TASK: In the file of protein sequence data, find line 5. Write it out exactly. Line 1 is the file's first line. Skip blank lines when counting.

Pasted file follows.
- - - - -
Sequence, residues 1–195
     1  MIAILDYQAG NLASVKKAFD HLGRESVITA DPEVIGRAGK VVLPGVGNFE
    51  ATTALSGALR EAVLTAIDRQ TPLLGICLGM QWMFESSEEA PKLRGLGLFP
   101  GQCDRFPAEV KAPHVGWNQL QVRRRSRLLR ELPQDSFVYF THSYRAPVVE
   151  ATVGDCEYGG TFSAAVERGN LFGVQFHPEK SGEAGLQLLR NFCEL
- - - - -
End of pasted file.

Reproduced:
   151  ATVGDCEYGG TFSAAVERGN LFGVQFHPEK SGEAGLQLLR NFCEL